Coming Back After a Triple Crown

The term ‘Triple Crown’ was coined in the decade after Sir Barton’s springtime domination of the classics, which, at the time, had yet to solidify their reputation as such. Though War Cloud completed the triple first, showing that making the trip from Louisville to Baltimore to New York was worth the trouble, the money that Sir Barton amassed in purses in his pursuit of the first Triple Crown is really what set the stage for the classics and the Triple Crown to become the gold standard for thoroughbreds. The chestnut son of Star Shoot* completed the triple in only 32 days — throwing in the Withers in between — a schedule that no trainer today would dream of following. By the time he got to the one-mile Dwyer in early July, Sir Barton was sore and tired and his performance in that race showed it. He earned a much-deserved long layoff, until September 11th, 1919, when he ran in the Hip Hip Hooray Purse.

aphaskell

When American Pharoah came back from his Triple Crown triumph in 2015, his owners chose the Haskell Invitational, another mile-and-a-quarter race, for his return after eight weeks off. In all honesty, American Pharoah could have retired the moment he crossed the finish line at Belmont and no one would have batted an eye, such is the rarity of the accomplishment. AP had two more starts after the Haskell in 2015, the Travers Stakes and then Breeders Cup Classic, where he completed the first-ever Grand Slam. After he walked out of the winner’s circle at Keeneland, American Pharoah took his place at Coolmore Ashford Stud and hasn’t been under saddle since. For Sir Barton, though, it was a different time, where the Triple Crown wasn’t a thing yet and horses ran well into their fourth and fifth years and even beyond. He would run eight more times after the Dwyer in 1919, the first of those being the Hip Hip Hooray purse.

His performance showed that he needed a race to round him back into shape. Sir Barton took the lead at the race’s start, but faded by the end of the six-furlong dash, holding on to finish second behind his stablemate Billy Kelly. Both of them gave weight to their competition, 15 to 18 pounds, and both outlasted the others, but the eight-week layoff showed in Sir Barton’s performance. Two days later, though, he would be back on the track for the Potomac Handicap, also at Havre de Grace.

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Without This, The Triple Crown Isn’t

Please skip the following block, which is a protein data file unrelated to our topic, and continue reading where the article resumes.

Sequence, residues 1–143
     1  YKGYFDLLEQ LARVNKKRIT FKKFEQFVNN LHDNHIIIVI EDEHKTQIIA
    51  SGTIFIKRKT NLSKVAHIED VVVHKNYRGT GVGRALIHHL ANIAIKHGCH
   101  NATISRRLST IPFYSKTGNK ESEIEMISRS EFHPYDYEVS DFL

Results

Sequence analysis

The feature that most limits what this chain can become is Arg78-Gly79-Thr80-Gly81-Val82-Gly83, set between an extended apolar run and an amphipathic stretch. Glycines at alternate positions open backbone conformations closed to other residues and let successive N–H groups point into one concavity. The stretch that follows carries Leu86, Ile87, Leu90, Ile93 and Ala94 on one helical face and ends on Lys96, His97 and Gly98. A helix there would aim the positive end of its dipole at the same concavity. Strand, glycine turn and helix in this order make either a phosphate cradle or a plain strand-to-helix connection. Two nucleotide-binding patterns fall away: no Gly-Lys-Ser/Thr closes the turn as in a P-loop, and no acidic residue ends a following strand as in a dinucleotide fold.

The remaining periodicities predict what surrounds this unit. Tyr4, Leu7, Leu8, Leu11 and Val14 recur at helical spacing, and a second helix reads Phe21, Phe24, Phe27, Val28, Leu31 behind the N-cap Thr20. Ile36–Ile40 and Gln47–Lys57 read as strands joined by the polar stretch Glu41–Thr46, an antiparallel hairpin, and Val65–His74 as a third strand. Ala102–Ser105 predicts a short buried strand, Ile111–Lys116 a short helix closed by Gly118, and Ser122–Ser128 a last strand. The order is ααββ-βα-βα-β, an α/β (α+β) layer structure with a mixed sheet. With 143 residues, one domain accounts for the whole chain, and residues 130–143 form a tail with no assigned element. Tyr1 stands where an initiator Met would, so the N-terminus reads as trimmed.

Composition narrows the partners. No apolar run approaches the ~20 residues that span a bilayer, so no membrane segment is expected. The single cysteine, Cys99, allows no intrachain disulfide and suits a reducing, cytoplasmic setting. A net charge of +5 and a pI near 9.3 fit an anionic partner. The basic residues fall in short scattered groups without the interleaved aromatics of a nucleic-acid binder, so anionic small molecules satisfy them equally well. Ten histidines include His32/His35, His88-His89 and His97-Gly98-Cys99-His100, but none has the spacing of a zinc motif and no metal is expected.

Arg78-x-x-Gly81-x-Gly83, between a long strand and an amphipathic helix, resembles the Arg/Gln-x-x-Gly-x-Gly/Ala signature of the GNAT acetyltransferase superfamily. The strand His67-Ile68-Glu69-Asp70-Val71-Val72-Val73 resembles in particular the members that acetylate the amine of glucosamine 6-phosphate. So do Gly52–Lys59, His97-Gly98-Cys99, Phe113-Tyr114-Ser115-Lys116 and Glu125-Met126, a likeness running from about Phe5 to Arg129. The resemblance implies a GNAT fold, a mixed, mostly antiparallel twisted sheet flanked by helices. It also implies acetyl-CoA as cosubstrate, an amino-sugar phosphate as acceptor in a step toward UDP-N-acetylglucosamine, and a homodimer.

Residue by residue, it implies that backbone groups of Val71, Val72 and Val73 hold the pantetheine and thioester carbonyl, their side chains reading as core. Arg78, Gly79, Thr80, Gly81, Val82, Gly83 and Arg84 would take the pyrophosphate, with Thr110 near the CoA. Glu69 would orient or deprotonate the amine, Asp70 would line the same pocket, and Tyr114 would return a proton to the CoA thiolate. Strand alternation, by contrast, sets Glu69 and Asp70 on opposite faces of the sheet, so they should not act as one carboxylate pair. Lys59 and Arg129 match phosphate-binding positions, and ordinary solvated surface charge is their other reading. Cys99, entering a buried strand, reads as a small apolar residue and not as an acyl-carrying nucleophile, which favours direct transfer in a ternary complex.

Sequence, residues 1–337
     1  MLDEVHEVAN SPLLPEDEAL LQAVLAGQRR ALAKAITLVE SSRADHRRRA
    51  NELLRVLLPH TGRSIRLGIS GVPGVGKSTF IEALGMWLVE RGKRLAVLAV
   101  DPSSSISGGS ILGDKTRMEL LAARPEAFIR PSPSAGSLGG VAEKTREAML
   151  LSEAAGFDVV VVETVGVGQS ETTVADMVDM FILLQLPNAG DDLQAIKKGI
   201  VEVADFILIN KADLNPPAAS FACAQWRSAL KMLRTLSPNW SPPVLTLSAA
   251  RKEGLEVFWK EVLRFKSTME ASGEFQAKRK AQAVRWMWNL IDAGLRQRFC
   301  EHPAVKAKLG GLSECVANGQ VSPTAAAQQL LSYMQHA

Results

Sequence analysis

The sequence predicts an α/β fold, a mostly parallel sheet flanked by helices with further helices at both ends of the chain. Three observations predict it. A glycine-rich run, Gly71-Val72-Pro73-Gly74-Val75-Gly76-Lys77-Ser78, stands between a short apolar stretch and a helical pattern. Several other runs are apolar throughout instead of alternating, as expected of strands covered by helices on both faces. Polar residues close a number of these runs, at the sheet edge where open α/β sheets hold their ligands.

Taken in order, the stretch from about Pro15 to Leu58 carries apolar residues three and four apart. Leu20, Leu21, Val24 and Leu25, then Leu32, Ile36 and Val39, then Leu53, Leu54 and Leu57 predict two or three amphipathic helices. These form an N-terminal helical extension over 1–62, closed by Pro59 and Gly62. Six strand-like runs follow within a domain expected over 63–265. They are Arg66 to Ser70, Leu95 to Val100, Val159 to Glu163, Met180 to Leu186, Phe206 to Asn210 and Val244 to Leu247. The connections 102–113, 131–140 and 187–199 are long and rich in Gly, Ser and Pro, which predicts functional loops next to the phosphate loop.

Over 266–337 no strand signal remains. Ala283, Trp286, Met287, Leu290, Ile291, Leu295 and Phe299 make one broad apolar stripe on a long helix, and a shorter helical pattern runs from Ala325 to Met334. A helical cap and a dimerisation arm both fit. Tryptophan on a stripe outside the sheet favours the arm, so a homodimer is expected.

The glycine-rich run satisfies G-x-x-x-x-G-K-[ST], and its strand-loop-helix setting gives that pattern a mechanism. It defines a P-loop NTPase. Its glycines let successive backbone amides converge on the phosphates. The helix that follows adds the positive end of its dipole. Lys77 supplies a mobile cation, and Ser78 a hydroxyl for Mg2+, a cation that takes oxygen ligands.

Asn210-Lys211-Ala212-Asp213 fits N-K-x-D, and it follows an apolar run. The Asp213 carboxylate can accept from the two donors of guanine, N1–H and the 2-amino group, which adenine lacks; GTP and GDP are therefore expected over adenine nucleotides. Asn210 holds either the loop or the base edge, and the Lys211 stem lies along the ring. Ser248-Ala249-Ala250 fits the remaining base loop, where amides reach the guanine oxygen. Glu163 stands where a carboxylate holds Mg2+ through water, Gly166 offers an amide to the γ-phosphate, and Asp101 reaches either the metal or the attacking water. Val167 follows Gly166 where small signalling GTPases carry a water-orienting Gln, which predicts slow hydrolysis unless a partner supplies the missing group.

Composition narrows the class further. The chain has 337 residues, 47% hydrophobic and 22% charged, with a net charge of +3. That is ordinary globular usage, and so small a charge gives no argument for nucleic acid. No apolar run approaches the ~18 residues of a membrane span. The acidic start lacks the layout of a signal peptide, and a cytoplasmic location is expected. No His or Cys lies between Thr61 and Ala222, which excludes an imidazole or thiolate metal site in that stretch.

It’s not hard to think of the run for the classics as this statement about the noble pursuit of one’s best potential, a celebration of the right horse with the right jockey and trainer and owner and breeder. The intrinsic value of the attempt and the catharsis of losing or the exuberance of winning seem to be the very thing that brings us back to the Triple Crown races year after year. As the lovers of the thoroughbred, we seek the high regardless of the lows.

The Triple Crown as we know had its origins not necessarily in the noble, but in something far more practical and cynical: money. That’s right: War Cloud opened the door and Sir Barton kicked it open not for the mere doing of the thing, but because of the paychecks that came with it.

From the first Triple Crown winner Sir Barton in 1919 to the second Triple Crown winner Gallant Fox in 1930, the number of horses going for the triple increased as did the purses that they came with:

1918 Kentucky Derby – $18775
1919 Kentucky Derby – $24600
1920 Kentucky Derby – $36650
1921 Kentucky Derby – $55450
1922 Kentucky Derby – $63775
1923 Kentucky Derby – $63600 + $5000 Gold Cup
1924 Kentucky Derby – $62775 + gold cup
1925 Kentucky Derby – $62950 + gold cup
1926 Kentucky Derby – $60075 + gold cup
1927 Kentucky Derby – $61000 + gold cup
1928 Kentucky Derby – $65375 + gold cup
1929 Kentucky Derby – $63950 + gold cup
1930 Kentucky Derby – $60725 + gold cup
1918 Preakness – $17250* ($16250)
1919 Preakness – $30500
1920 Preakness – $29000
1921 Preakness – $53000
1922 Preakness – $61000
1923 Preakness – $62000
1924 Preakness – $64000
1925 Preakness – $62700
1926 Preakness – $63625
1927 Preakness – $63100
1928 Preakness – $70000
1929 Preakness – $62325
1930 Preakness – $61925
1918 Belmont – $10200
1919 Belmont – $14200
1920 Belmont – $9200
1921 Belmont – $10650
1922 Belmont – $46700
1923 Belmont – $46000
1924 Belmont – $50880
1925 Belmont – $46500
1926 Belmont – $56550
1927 Belmont – $72410
1928 Belmont – $74930
1929 Belmont – $71150
1930 Belmont – $77540

By the time Gallant Fox won the Triple Crown in 1930, each race’s purse was the equivalent of $1 million in 2016 dollars, tripling and even quadrupling the purses War Cloud (1918) ran for in some cases. So, while I do enjoy the romantic notion of the pursuit of the Triple Crown as this thing that is the ultimate accomplishment in the Sport of Kings, I know that at the heart of the whole thing, at least to start, was, quite simply, money.

(By the way, the 2016 Kentucky Derby purse will be a minimum of $2 million, the Preakness a minimum of $1.5 million, and the Belmont a minimum of $1.5 million.)

*The Preakness Stakes was run in two divisions in 1918; War Cloud won one division and Jack Hare, Jr. the other.